SLIDESHOW

One Week With the Commodore 64

The Tech of Three Decades Ago Used Today

http://www.pcworld.com/article/237878/can_you_do_real_work_with_the_30yearold_ibm_5150.html

Thirty years ago, Commodore Business Machines released the Commodore 64, an 8-bit home personal computer that became an iconic cultural force.

With its low price, and considerable graphical prowess, the Commodore 64 served primarily as a game console for millions of users, although many also took advantage of the C64's full potential as a programmable general purpose computer.

To celebrate the 30th anniversary of this legendary PC, I sequestered myself in a quiet room with an authentic 1982 Commodore 64 for one week. The goal: to see if I could get any work done with a machine that possesses a miniscule fraction of the RAM and CPU power of computers commonly in use today.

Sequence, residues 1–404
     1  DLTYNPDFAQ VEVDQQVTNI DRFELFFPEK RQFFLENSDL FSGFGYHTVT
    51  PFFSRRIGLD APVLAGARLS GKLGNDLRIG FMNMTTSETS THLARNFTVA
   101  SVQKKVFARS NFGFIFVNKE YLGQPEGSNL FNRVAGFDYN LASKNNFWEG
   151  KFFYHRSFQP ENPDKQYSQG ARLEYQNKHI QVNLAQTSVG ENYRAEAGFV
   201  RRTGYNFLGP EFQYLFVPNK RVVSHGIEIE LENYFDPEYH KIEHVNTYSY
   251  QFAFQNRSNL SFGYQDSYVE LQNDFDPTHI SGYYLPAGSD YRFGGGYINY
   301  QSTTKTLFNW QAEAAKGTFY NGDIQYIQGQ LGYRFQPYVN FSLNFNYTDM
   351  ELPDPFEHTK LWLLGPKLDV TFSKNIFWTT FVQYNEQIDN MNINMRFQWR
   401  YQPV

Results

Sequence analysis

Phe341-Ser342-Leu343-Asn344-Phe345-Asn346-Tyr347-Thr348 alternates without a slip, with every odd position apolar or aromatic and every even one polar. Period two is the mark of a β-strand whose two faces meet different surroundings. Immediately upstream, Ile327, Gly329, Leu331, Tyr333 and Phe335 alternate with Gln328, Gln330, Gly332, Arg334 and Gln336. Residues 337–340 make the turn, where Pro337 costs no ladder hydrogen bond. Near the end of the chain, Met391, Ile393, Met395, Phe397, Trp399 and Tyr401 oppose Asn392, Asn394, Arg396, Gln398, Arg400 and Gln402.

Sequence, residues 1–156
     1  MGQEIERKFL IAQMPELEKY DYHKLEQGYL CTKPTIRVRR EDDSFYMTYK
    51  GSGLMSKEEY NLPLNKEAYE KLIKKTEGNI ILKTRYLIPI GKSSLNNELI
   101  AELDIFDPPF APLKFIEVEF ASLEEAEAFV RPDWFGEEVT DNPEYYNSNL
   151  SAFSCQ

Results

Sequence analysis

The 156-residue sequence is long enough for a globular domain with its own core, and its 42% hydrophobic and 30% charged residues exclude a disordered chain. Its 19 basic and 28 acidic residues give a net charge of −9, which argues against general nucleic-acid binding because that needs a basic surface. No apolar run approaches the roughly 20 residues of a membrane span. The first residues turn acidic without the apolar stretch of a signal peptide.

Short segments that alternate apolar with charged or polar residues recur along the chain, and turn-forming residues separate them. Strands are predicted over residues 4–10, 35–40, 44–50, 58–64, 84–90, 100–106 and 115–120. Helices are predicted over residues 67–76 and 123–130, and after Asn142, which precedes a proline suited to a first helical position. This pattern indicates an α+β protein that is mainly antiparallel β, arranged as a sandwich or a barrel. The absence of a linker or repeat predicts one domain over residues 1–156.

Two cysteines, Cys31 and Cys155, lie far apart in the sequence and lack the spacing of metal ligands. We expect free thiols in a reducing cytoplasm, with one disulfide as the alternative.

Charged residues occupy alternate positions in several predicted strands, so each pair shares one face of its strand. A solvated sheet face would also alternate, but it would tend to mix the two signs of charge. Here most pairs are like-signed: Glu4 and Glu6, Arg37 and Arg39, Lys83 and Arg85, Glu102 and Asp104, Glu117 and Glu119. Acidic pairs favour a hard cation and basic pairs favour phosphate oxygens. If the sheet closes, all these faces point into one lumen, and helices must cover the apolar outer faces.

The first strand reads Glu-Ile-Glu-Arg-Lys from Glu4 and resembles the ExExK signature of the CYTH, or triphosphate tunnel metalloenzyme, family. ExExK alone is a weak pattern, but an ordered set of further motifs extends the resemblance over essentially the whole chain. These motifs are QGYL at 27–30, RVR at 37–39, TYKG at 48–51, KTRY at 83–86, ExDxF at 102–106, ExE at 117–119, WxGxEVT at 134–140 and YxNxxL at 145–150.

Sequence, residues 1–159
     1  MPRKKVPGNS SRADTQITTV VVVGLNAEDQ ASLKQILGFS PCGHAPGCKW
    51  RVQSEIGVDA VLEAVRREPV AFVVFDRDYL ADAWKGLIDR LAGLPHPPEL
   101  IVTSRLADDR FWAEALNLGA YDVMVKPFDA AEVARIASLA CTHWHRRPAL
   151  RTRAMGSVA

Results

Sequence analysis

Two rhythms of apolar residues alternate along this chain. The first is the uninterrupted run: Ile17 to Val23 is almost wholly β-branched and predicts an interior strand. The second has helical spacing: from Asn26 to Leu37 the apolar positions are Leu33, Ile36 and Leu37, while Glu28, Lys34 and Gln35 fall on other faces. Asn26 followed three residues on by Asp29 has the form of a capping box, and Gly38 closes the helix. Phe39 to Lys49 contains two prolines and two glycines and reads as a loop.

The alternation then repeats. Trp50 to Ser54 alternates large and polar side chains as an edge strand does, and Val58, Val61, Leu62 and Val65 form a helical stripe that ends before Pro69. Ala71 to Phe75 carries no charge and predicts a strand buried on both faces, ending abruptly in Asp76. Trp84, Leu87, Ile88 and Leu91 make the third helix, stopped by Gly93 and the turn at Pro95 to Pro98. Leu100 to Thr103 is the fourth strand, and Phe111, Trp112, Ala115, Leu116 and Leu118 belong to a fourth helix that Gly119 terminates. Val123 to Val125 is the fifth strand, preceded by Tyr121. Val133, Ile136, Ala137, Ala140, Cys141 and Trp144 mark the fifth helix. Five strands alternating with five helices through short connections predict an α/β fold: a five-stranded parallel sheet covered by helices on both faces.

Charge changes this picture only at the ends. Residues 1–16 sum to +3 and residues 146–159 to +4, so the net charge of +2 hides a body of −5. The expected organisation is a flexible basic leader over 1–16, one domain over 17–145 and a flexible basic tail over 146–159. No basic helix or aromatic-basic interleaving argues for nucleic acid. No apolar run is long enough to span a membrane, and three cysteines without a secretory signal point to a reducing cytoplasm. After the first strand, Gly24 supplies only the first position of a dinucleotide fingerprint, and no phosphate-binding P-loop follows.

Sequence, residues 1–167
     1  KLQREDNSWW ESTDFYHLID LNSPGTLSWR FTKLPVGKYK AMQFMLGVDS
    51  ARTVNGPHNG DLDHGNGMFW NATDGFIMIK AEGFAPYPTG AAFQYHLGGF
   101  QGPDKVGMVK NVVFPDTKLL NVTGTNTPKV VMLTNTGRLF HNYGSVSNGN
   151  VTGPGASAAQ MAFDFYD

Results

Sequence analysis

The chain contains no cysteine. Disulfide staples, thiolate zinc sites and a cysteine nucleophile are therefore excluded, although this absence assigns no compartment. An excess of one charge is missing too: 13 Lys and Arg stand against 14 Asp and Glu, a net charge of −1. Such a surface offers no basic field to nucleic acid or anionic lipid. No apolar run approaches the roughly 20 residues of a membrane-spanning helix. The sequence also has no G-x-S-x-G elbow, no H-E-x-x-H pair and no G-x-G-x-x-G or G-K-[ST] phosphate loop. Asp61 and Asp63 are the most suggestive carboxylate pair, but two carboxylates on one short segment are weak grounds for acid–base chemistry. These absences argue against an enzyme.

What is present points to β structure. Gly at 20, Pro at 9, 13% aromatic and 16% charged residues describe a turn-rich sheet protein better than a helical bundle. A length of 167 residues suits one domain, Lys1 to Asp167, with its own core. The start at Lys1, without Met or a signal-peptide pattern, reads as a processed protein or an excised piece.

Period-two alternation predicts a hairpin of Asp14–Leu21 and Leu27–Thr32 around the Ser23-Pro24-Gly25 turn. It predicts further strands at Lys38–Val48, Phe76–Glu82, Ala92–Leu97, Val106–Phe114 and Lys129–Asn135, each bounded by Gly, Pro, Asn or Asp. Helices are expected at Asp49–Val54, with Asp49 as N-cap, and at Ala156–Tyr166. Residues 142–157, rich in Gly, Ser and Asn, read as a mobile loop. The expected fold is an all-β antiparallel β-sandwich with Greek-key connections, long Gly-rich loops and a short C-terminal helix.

A year ago, I spent a week with the IBM PC 5150 to undergo a similar challenge. Unlike the IBM PC, however, the Commodore 64 was not designed as a high-end business machine, making productivity tasks a little harder to pull off.

Despite the odds weighing against me, I would put the C64 through its paces as a writing, gaming, and yes, Internet machine. By the end of the week, I would judge my success rate by the number of hairs left on my head. As it turned out, I didn't up nearly as bald as I thought. Here's what happened.

c64_binder
c64_brucelee
c64_cartridges
c64_covered
c64_diskdrives
c64_disks
c64_easyscript
c64_gauntlet
c64_doodle
c64_geos
c64_imac
c64_google
c64_joysticks
c64_keyboard
c64_main
c64_monitor
c64_mule
c64_omniwriter
c64_pcworld
c64_shield
c64_summerdisks
c64_serial
c64_summergames
c64_superscript
c64_tapedrive
c64_terminfo
c64_twitter
c64_suncom